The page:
In this week's New York magazine, contributing editor Joe Hagan's got an epic piece titled "A New York Times Whodunit" and subtitled "Who slew Times CEO Janet Robinson? Was it Arthur Sulzberger's new lady friend? The advertising market? The frustrated web guru? Or the ambitious Sulzberger cousin?" (If you're a print subscriber, you also get to see the story teased on the cover with this line: "The Times' $24 Million Divorce.") A little advice for those of you needing to catch up on your media gossip after the long Memorial Day weekend: Click over and devour it right now! It's a must-read.
In chronicling the backstory behind last December's surprise ouster (er, "retirement") of Robinson, who had been CEO of The New York Times Company since 2004, Hagan serves up a dishy narrative that 's richly detailed (he spoke to more than 30 insiders over the course of months of reporting), absurd, inadvertently funny and -- if you care anything at all about America's newspaper of record and the future of journalism -- completely maddening.
Really, Aaron Sorkin needs to option it right now and turn it into an Oscar-winning screenplay.
Hagan's tale is well stocked with family intrigue, internecine corporate battles, frayed alliances, betrayals and even romance (both office-platonic and literal), but the big picture here is that under Arthur Sulzberger, Jr., who has been chairman of The New York Times Company since 1997, the once wide-ranging company has "shrunk dramatically" both in ambition and in market cap (from $7 billion at its peak to roughly $1 billion today). "Despite the shrinkage," Hagan writes, "the company has retained essentially the same top-heavy management, which it has kept well compensated." Even on the way out, as Hagan outlines in regard to Robinson's golden parachute:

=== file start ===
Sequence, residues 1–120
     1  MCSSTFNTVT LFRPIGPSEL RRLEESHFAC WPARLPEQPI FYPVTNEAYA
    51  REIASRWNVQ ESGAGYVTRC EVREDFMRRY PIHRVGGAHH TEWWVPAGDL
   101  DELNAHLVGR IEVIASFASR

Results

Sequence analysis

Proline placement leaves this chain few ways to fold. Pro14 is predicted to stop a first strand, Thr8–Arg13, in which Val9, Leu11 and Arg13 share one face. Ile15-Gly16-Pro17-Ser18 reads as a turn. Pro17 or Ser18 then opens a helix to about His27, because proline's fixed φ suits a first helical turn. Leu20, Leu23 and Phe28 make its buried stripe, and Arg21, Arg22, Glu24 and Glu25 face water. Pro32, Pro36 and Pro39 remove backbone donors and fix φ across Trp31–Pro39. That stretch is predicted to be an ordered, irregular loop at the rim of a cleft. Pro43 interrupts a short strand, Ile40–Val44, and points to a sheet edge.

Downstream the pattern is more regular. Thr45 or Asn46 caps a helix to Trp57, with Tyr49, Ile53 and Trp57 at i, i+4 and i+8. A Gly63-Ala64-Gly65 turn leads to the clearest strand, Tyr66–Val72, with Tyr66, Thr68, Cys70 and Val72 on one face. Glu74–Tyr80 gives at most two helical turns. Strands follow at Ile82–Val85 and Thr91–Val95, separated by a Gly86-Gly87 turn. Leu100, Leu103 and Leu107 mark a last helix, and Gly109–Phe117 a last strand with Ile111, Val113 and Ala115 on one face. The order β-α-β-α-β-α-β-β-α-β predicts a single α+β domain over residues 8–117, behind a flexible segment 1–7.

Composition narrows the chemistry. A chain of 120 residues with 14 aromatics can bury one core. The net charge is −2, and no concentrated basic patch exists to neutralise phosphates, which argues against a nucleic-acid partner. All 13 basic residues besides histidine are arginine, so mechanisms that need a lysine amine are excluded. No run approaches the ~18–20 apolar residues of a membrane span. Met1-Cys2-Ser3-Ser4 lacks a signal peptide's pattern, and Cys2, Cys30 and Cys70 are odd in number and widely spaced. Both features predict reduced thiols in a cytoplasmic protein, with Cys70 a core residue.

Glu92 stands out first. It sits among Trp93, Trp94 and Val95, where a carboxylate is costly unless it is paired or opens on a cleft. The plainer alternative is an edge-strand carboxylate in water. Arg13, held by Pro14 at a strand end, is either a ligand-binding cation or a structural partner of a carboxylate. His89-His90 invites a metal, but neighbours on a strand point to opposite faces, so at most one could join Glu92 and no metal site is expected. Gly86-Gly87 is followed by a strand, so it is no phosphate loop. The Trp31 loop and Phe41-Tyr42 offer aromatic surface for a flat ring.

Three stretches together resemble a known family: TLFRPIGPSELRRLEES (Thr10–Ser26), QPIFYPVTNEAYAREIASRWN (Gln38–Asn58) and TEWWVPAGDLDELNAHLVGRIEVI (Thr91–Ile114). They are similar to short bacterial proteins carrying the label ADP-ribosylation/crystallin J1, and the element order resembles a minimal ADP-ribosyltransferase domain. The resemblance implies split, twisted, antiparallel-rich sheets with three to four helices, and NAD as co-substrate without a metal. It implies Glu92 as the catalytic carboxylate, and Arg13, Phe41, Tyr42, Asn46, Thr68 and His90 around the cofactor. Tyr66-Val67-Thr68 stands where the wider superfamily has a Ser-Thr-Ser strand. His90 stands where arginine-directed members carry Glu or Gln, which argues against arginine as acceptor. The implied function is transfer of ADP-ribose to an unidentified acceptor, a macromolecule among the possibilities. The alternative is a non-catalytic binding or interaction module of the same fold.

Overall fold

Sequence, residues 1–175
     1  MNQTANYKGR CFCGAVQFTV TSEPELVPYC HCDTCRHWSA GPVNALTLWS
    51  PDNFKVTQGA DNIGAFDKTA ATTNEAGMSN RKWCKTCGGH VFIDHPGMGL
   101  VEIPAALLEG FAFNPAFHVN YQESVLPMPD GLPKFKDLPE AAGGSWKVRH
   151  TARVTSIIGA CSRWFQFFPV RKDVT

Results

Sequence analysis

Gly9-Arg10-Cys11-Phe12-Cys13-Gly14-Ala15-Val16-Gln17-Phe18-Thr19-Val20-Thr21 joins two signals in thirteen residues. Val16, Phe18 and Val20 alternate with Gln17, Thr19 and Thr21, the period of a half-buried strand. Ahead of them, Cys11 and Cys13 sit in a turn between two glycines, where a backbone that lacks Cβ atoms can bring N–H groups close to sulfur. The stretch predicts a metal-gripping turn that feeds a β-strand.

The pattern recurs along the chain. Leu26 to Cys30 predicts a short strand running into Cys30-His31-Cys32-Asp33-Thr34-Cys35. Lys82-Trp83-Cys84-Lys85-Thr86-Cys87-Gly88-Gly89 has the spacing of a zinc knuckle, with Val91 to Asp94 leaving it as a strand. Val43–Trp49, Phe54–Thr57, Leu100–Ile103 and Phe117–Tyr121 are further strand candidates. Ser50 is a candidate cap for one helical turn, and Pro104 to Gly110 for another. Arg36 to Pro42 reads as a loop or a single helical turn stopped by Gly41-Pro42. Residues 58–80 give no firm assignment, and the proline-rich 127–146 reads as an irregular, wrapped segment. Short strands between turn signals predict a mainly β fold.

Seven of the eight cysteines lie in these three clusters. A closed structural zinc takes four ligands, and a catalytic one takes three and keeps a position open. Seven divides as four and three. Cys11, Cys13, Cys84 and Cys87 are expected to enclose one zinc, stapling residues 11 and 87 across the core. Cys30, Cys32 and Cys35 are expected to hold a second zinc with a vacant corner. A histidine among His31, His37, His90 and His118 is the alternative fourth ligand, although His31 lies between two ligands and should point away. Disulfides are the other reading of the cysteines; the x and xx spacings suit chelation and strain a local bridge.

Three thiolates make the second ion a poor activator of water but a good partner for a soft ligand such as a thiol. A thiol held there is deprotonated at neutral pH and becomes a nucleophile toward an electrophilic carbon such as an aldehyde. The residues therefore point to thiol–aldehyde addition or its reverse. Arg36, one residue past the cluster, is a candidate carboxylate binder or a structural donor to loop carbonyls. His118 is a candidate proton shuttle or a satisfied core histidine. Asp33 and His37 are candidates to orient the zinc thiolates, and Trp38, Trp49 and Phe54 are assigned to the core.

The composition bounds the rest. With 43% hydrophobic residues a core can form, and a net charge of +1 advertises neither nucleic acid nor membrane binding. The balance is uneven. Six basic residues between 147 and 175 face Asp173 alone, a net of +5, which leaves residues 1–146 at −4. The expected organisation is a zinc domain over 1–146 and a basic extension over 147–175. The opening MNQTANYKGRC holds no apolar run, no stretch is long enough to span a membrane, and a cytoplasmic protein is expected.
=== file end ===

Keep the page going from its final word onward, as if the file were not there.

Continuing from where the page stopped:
[H]er exit package amounted to almost $24 million, nearly half the company's profits in 2011.... About $11 million of Robinson's exit package was from her pension and retirement plan. Another roughly $7 million consisted of her yearly compensation and awards, and stock options she was entitled to after her years at the Times. But she also received a $4.5 million consulting contract, a kind of gratuitous bonus that didn't look or smell right to anyone who was toiling on Eighth Avenue and worrying over pensions in danger of being frozen in ongoing labor negotiations.
I've been obsessed with the compensation structure at the shrinking Times for awhile now, but Hagan's stark accounting -- especially that part about "nearly half the company's profits in 2011" -- still made my jaw drop.
Full disclosure: I used to be on staff at New York, and have very occasionally freelanced for it in the years since, but my relationship with the magazine today is purely reader/fan. Also, Joe Hagan and I were technically colleagues at the short-lived media website Inside.com circa 2000-2001 (he was a reporter, I was a columnist), though we never worked on anything together.
Simon Dumenco is the "Media Guy" media columnist for Advertising Age. Follow him on Twitter @simondumenco.